Chad (Aaron Eckhart) and Howard (Matt Malloy) are two friends employed in a large corporation. This should be taken with a grain of salt, friends, because even though it is the insecure Howard who is nominally the superior, Chad is the true alpha male, bitter, cynical and frustrated, but smug guy. We meet this duo as they travel for six weeks to a regional office outside the city where they normally live and work, and Chad complains to a friend that he is angry and furious because his girlfriend dumped him. In order to take revenge on the entire female gender, Chad will come up with a plan to find a sensitive and vulnerable girl or woman, aloof and insecure, whom both of them will start wooing at their new workplace. And once she falls in love with one of them, they will discard her like an old rag.
Although reluctantly, the more reserved Howard will also agree to this rotten and sleazy plan, and to make the situation more brutal, Chad will choose the deaf girl from the office, Christine (Stacy Edwards), as the victim of their evil game. Unaware that the sociopathic maniac and his sidekick decided to only play with her, this beautiful, sweet and attention-seeking girl will eventually fall in love with the callous and cruel Chad, but she won’t be the only one to get the upper hand in this horrible game . This black comedy by Neil LaBute premiered at the Sundance festival, he won for “In the Company of Men” and the Golden Camera for the best debutant at Cannes, and although at first it may seem that it is a misogynistic, misogynistic film, a lot is more than a brutal comedy about sick banter.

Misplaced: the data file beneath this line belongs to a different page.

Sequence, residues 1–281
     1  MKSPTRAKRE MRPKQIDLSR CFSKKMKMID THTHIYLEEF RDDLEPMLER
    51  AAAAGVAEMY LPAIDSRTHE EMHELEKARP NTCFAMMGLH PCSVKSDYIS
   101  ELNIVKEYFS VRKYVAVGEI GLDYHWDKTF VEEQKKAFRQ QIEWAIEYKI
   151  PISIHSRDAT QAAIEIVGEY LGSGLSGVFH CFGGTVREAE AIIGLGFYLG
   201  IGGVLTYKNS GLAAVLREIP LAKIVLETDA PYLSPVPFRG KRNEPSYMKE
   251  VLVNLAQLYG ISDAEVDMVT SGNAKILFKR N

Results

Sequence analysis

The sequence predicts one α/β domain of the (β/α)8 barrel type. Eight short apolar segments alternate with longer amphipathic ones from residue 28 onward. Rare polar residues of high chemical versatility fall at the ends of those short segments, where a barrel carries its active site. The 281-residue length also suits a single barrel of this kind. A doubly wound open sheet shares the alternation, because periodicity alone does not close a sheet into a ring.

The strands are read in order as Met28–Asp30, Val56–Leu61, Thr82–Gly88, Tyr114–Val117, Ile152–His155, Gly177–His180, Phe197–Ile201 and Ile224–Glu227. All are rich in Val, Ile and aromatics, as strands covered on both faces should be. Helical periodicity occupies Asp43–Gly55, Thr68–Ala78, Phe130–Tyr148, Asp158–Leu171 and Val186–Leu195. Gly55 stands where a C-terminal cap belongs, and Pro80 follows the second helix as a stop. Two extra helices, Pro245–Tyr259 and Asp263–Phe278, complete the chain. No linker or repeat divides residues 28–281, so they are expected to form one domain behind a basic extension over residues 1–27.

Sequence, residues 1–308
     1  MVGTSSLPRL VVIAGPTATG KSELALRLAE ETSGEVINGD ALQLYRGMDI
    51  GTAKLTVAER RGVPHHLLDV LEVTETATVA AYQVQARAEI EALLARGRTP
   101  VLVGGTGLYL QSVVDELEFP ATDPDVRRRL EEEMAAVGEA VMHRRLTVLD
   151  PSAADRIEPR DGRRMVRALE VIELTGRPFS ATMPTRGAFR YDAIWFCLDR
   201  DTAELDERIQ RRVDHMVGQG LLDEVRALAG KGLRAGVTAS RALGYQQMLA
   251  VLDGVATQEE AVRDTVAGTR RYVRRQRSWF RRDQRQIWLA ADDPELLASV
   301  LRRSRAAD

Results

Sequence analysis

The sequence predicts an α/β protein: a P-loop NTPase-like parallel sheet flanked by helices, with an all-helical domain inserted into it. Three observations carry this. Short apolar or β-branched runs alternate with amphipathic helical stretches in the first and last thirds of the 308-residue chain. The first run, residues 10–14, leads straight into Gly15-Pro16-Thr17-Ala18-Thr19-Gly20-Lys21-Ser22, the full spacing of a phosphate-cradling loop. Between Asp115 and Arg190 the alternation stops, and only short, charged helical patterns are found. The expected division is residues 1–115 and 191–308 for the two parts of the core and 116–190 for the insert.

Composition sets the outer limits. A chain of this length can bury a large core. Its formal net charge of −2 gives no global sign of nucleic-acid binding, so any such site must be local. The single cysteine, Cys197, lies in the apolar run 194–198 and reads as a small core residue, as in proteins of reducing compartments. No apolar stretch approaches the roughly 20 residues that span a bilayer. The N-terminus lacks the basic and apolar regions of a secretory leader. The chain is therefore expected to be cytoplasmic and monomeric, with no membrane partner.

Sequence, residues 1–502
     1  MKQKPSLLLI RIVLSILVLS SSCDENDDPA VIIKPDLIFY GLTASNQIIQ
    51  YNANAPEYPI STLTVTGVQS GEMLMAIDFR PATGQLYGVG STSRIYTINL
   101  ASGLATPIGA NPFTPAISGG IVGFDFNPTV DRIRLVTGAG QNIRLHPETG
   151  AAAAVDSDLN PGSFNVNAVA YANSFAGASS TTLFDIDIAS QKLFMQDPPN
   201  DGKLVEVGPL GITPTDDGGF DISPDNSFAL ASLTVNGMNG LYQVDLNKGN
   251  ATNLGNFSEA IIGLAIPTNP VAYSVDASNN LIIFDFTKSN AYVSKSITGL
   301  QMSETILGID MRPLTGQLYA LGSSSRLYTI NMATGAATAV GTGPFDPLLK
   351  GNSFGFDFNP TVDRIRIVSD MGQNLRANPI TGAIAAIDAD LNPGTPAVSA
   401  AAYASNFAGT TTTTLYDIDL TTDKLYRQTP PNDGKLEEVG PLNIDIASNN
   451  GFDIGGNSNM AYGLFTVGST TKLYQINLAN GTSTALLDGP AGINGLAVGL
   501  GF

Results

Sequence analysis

That sadistic game devised by Chad is just the occasion for a brutal satire of the system of selfishness, cruelty and unimaginable callousness characterized by that sleazy guy brilliantly impersonated by Eckhart. Already in the opening conversation between the two, we realize what a cruel troglodyte he is. He claims that the times have come when white educated men come to a subordinate position and that everyone has an advantage over them. But they come from that particularly cruel, corporate system, in which, it seems, only the strongest and cruelest and most ruthless survive and can make their way to leadership positions. The system is subservient only for personal gain and guys like Chad look at everyone around them, even people they nominally consider friends, primarily as competition and as someone who needs to be stepped on for their own success.
Although the film caused great controversy, what is most frightening here is the incredible realism, the realization that something like this is completely possible. Not only that, but the brutal but true realization that guys like Chad are usually the ones who win in life because they’re taught not to look back and don’t bother much with the damage they do to others. We also see that characters like Chad are the ones that the more insecure will look up to, those who maybe like Howard think they are good and honest, but characters who will easily fall for such sociopaths. And that’s why LaBute’s black comedy / satire is so shocking, brutal, almost brilliant in its repulsiveness because it shows people without any embellishment.